“Teachers learnt better techniques to engage pupils in class,” he said.

Mohd Aznan’s pupil, Sara Afrina Mohd Norfitri, was the youngest winner in the children’s competition.

The seven-year-old shyly said she had never picked up any English books to read or flip through.

“Now that I do, I found reading improved my knowledge because I am discovering new words and exposed to general knowledge,” she said.

Tong Jean Yee, 10, said the project allowed her to discover her imaginative capabilities.

“I learned that I could use my imagination to create something beautiful,” said the pupil from SJK (C) Tiong Hua Kok Bin, Pekan Meru, Klang.

The Year 4 pupil – who never liked reading until the programme made her realise the importance of it – said it also helped her improve in her English.

British Council Malaysia country director Sarah Devarall said the project aimed to create a love of reading in children using a sustainable way.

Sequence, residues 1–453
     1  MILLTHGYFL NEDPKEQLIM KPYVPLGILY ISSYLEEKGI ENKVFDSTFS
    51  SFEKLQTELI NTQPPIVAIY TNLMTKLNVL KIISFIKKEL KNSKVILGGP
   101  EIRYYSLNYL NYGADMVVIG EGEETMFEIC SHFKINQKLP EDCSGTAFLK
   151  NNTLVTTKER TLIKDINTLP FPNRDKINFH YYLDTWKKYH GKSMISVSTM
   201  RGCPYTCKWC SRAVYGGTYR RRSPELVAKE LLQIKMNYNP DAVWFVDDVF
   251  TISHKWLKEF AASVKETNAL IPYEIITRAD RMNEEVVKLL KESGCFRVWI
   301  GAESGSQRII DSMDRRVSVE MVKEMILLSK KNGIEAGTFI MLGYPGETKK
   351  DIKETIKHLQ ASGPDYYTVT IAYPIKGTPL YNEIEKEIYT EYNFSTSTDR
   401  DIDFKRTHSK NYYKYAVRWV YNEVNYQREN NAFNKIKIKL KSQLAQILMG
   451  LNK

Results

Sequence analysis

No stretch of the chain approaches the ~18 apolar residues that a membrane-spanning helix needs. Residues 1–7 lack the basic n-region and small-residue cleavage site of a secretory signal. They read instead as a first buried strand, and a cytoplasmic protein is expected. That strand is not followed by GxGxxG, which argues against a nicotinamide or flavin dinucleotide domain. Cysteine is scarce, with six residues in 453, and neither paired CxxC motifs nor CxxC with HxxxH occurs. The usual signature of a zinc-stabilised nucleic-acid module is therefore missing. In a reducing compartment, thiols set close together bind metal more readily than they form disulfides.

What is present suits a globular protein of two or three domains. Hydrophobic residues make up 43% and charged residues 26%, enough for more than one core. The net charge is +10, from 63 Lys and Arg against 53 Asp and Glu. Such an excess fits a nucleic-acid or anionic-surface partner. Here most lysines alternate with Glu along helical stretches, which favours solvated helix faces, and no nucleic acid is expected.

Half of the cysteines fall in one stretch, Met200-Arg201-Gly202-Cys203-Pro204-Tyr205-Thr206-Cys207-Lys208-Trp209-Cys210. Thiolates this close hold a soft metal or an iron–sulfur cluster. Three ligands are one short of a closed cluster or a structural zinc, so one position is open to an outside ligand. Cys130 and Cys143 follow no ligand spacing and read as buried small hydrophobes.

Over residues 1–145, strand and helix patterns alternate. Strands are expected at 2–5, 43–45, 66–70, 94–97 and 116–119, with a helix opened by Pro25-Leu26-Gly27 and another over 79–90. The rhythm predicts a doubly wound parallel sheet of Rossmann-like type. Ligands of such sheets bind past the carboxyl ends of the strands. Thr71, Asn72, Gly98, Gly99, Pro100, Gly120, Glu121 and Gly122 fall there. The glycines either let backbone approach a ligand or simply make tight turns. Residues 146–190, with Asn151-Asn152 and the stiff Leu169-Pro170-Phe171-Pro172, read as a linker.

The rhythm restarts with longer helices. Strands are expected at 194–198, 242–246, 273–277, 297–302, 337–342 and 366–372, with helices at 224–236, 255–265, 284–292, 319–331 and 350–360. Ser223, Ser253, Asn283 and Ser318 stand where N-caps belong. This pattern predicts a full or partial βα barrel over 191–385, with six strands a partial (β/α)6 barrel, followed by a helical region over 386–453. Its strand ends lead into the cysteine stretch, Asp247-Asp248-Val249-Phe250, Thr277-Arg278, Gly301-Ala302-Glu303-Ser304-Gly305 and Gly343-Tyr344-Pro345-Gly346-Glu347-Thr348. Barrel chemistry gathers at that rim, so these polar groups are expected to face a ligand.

“That is why training teachers is crucial. If we want high quality teaching, we need to give teachers the opportunity, time and support to develop, to try new approaches and prepare students for the global world,” she said.

Teachers need training and support if they are to make the changes that the Ministry of Education aspires to in the Education Blueprint, she added.

British Council Malaysia head of English in Education Systems Keith O’Hare said the project focuses on training and developing teachers because their quality of teaching directly impacts students’ learning.

“Quality of teachers affects the quality of learning. It is important to invest time and resources into development of teachers.